Jose Mourinho favorite Marouane Fellaini, was deemed not good enough and played just 27 minutes under Solskjaer before being offloaded to China. Mourinho’s ‘manager’s player of the year’ Scott McTominay may have gotten a new contract, but has also been sent to the U23s. Matteo Darmian has played just 91 minutes, while club captain Antonio Valencia has only made one matchday squad under the Norwegian.

Marcus Rashford, who was rarely used centrally under Mourinho has firmly established himself as the team’s first choice striker. Combining him with Anthony Martial on the wing has given United some much needed pace and a much more dynamic attack.

This shouldn’t come as a surprise. Rashford and Martial have been involved in more goals than any United players since they both made their debut. Martial has more goals than anyone since his debut in Sept 2015, while Rashford has more than anyone since he first came on in Feb 2016. Mourinho never deemed them good enough and forced the club to spend big on Romelu Lukaku and Alexis Sanchez.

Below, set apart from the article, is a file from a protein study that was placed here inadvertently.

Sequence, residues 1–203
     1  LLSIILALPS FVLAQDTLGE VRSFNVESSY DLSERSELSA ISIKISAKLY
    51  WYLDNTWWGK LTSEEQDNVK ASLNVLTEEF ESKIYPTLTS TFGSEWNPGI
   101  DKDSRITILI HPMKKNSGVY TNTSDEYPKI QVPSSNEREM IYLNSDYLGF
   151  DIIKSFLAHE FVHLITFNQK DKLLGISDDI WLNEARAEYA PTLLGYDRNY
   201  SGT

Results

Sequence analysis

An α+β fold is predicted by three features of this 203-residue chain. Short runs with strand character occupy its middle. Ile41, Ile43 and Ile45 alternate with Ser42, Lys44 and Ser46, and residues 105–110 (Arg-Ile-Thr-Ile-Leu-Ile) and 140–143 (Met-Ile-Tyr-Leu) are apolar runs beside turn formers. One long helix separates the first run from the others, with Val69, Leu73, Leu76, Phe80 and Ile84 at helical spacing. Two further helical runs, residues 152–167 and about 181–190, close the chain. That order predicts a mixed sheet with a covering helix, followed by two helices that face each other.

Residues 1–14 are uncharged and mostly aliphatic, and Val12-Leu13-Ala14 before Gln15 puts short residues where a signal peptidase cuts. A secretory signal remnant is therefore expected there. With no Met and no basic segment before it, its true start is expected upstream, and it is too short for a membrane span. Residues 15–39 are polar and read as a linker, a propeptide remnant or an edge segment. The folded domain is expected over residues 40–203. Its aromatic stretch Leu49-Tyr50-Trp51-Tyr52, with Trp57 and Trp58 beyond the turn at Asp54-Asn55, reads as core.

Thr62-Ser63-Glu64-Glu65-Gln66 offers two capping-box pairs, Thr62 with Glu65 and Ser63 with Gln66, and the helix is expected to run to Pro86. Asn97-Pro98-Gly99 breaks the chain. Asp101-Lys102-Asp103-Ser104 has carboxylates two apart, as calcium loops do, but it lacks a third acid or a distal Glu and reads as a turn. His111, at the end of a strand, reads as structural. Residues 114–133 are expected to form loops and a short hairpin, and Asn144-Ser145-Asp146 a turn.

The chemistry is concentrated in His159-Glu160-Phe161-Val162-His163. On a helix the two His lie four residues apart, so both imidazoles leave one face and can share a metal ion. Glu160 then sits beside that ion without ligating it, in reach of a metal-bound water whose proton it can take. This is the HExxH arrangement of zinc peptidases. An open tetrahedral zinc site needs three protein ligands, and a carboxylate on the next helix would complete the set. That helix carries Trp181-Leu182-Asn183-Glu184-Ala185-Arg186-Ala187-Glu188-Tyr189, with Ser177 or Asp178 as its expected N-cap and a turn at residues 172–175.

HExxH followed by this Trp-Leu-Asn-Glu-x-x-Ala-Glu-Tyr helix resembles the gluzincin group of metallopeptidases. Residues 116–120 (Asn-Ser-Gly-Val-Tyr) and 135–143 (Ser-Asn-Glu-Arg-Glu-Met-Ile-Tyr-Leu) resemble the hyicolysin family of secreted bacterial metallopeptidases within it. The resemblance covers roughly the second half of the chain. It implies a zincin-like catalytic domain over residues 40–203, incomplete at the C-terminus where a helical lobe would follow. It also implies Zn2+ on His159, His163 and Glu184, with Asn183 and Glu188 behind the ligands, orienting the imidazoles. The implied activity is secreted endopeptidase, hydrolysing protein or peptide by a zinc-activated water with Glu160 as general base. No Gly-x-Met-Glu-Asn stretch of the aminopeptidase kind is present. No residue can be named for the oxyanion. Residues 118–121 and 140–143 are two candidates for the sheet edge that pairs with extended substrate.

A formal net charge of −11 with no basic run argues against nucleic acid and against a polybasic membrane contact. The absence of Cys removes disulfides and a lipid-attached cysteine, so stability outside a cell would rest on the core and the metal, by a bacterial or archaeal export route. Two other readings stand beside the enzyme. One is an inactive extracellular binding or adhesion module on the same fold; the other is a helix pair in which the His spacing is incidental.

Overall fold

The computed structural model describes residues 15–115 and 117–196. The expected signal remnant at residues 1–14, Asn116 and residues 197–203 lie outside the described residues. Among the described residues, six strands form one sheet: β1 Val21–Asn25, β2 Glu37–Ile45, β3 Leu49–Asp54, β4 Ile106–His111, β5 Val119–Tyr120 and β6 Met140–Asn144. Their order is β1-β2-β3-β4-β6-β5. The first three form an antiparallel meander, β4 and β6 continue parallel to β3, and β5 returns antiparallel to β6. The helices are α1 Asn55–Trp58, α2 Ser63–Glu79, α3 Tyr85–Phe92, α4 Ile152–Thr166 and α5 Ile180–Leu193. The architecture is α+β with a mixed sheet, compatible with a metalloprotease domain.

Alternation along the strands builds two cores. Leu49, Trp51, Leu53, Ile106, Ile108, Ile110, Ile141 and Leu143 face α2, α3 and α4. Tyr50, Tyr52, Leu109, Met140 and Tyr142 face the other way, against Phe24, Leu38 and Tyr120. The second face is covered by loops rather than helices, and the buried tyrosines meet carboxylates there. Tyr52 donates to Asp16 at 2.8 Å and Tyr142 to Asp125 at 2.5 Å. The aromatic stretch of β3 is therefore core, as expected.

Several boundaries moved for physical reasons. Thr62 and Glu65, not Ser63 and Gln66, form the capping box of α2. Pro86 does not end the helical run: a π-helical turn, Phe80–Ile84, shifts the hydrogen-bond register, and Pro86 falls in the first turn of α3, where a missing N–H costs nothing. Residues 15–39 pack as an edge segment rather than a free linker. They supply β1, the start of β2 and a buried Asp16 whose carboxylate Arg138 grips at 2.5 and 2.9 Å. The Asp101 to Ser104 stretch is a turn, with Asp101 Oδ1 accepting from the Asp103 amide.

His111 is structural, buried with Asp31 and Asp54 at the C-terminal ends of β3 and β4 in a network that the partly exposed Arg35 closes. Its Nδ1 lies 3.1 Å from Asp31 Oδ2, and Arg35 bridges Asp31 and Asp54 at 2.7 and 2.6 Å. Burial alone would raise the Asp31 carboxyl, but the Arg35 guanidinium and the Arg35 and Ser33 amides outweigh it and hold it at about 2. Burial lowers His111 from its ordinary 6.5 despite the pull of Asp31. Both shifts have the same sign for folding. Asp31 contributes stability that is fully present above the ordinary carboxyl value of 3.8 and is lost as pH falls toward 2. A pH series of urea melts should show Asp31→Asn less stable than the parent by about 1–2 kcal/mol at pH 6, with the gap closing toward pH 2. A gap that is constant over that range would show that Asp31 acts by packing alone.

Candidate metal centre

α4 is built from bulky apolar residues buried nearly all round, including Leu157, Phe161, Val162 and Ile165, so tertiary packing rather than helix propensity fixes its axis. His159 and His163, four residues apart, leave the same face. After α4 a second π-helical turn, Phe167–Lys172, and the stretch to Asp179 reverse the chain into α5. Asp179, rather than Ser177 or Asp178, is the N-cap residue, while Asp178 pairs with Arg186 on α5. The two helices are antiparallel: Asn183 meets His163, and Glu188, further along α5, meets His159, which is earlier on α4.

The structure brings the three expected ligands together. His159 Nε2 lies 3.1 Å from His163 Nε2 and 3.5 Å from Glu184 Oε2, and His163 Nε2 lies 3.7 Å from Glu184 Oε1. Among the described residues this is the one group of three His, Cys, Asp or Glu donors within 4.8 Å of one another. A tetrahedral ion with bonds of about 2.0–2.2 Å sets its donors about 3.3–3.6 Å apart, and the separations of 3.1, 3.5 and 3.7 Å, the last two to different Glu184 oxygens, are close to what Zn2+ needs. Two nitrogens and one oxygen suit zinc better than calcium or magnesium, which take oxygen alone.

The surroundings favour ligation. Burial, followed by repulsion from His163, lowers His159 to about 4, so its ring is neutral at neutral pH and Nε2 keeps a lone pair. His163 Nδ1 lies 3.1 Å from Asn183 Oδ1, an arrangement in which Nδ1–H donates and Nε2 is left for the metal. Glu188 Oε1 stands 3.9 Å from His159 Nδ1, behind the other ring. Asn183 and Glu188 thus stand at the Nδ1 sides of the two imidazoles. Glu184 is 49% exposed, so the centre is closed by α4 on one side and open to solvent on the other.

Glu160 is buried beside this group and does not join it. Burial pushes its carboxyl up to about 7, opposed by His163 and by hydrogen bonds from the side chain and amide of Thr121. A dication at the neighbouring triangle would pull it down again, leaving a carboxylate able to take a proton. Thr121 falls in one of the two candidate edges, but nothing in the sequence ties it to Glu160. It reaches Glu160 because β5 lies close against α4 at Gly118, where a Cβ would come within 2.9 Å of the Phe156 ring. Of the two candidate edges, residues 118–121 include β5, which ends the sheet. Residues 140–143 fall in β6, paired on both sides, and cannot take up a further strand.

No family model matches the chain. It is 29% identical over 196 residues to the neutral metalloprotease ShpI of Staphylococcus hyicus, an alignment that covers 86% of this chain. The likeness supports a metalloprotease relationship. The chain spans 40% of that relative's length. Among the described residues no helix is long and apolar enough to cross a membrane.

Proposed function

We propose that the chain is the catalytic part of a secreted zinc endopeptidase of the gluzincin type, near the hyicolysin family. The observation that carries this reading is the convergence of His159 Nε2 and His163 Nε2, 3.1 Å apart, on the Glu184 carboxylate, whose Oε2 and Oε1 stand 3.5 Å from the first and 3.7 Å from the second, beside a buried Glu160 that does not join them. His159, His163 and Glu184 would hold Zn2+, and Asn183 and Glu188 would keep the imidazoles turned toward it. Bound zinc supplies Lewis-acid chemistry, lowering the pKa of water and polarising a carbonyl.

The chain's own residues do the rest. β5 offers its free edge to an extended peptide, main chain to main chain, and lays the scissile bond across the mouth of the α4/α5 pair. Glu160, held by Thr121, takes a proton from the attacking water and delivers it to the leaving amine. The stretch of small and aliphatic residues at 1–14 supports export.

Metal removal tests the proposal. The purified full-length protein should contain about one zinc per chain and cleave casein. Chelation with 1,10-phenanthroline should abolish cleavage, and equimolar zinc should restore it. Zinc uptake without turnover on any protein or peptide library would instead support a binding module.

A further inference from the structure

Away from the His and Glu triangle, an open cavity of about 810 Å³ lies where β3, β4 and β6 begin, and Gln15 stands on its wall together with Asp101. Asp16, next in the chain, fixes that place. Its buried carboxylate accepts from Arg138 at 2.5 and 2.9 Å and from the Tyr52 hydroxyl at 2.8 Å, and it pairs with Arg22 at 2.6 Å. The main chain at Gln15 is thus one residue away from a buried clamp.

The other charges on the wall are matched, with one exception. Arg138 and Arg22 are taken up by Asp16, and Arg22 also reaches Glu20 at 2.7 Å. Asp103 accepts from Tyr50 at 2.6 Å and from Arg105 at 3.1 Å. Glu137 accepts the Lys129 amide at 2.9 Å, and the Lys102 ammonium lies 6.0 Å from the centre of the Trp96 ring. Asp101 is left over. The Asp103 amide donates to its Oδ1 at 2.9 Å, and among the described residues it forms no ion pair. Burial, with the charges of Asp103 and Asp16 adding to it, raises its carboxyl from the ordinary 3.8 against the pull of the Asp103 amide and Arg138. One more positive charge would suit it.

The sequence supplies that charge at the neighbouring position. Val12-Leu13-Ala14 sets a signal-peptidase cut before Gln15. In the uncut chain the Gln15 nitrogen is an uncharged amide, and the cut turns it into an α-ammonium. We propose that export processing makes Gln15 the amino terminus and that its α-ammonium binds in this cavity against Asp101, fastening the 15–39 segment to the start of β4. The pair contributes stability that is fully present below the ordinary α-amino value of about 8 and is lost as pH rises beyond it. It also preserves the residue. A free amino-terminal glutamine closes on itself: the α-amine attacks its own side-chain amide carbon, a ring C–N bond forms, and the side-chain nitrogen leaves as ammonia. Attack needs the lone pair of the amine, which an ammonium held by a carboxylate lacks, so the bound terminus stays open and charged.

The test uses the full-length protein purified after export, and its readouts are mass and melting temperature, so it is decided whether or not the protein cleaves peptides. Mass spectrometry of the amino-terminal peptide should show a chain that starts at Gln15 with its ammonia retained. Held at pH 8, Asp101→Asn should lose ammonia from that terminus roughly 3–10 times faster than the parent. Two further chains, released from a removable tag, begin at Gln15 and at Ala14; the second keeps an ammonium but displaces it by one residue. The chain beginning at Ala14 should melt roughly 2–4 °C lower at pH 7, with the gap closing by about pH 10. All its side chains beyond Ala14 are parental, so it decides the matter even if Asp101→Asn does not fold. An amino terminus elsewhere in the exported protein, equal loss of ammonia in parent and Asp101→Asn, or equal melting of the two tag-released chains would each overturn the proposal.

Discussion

Herein lies the problem for Solskjaer. His United team plays a very up tempo style, which suits Pogba, Rashford, Martial, and Lingard. It doesn’t suit Sanchez, Lukaku, or Juan Mata.

Lukaku has been decent off the bench for Solskjaer, and he put in a shift on the right wing against Arsenal, but he still hasn’t been able to make much of an impact centrally. Juan Mata, who I believed was criminally underused by both Louis van Gaal and Mourinho, has failed to contribute, or even establish himself in this new setup.

Then there’s Sanchez. It was always clear he didn’t fit Mourinho’s style and there was hope that combining him with Rashford and Lingard would ignite him. That hasn’t worked, and while he’s mostly played with Lukaku, he got a chance to start on the wing Sunday against Leicester. He failed to impress and it was only surprising that he wasn’t withdrawn sooner.

Deeper on the pitch, Solskjaer has found a three man midfield with Pogba, Nemanja Matic, and Ander Herrera. Herrera’s defensive work with Matic has allowed Pogba the freedom to really blossom, but after that there isn’t much.